Guest Post by Brandon Smith
Like many people, I grew up watching numerous television shows and mainstream movies depicting a world in which the common police officer stood as a sentinel of civilized society against a seething underbelly of violence and chaos just beneath the surface of the world around us. Through public schooling, we were indoctrinated to fear the drug culture as a breeding ground of gangland destruction and to worship law enforcement officials as the only barrier between us and a cocaine-frosted wasteland. We were led to believe that every day police were holding back a tide of crime and terrorism. The so-called “thin blue line” was an indispensable part of a safe and prosperous nation.
To criticize or present opposition to the institution of state and federally funded law enforcement is often considered tantamount to treason – or, at the very least, it is considered unpatriotic. After all, we have all been told every moment of our lives that a world without police would immediately turn into a frothing, frenzied orgy of mass insanity and that average human beings cannot be trusted to take responsibility for the day-to-day security of their neighborhoods and towns. Official doctrine today demands a designated warrior class, separate from the rest of us, to handle the protection and care of weakling citizens.
Now, it is important to note that there are in fact many good people working in the field of law enforcement. This is not under debate and not relevant to the point I am about to make. The problem is not necessarily with all the individuals who make up law enforcement; the problem is with the existence and mandate of the institution itself. I personally do not “hate” cops per se (though some of them deserve to be hated). But I do hate corrupt government structures, and law enforcement has become the grasping arm of the elitist machine.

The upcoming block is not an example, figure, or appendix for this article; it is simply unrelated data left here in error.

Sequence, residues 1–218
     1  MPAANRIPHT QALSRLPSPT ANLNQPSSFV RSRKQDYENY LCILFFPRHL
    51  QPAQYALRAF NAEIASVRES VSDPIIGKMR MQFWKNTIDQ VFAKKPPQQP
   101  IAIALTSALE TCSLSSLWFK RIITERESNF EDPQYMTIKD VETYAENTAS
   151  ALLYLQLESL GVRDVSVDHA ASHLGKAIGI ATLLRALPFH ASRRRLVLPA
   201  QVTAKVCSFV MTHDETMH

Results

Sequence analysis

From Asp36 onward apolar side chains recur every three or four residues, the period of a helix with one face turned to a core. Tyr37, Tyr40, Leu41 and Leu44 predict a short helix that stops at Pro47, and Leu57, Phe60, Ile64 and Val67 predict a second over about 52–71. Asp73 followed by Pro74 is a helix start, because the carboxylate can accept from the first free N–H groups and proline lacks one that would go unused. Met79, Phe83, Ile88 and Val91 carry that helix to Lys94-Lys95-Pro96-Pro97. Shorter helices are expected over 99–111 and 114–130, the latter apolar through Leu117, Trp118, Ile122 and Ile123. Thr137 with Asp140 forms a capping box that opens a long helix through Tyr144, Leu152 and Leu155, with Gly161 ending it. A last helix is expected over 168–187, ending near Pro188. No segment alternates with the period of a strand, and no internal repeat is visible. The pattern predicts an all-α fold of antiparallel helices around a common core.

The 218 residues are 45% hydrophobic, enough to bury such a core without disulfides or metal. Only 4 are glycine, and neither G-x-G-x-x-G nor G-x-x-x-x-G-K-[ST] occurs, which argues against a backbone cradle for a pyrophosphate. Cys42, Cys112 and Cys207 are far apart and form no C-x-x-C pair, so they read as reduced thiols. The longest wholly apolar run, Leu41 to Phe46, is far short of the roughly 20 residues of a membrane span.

The downfall of any policing system arises when individuals are separated from the responsibility for their own security and society is delegated into classes of protectors, or sheepdogs, and sheep. As I have outlined in many articles, government itself has become an entity foreign to the interests of the American people. Through the false left/right paradigm, elitists have taken away the ability of the public to participate in civic duties and to preserve our principles rather than sacrifice them in the name of the “greater good.” City and state police are not subject to the tides of political elections, even if elections actually mattered. They are part of an unaccountable bureaucratic monstrosity that shifts only according to the whims of the establishment.
In the early days of America, the common citizenry through the formation of the militia WAS the warrior class. Every last able-bodied person was a sentinel and defender of the peace. The sheriff, the only elected and constitutional form of law enforcement, often had a posse, which was, again, made up of regular citizens. There was no exalted Praetorian Guard — only friends, family and neighbors. There was no need for a government dominated law enforcement structure back then, nor is there a need for one now.
The militia system was slowly eroded over decades and replaced with centralized law enforcement under the direct influence of the political elite. Currently, using the Department of Homeland Security and the integration of “fusion centers,” the police are now an army under direct federal control, equipped with military-grade technology through the 1033 program. When Barack Obama called for the creation of a “civilian national security force” just as powerful and well-funded as the military back in 2008, this is clearly what he was referring to. The results of police militarization are thoroughly negative.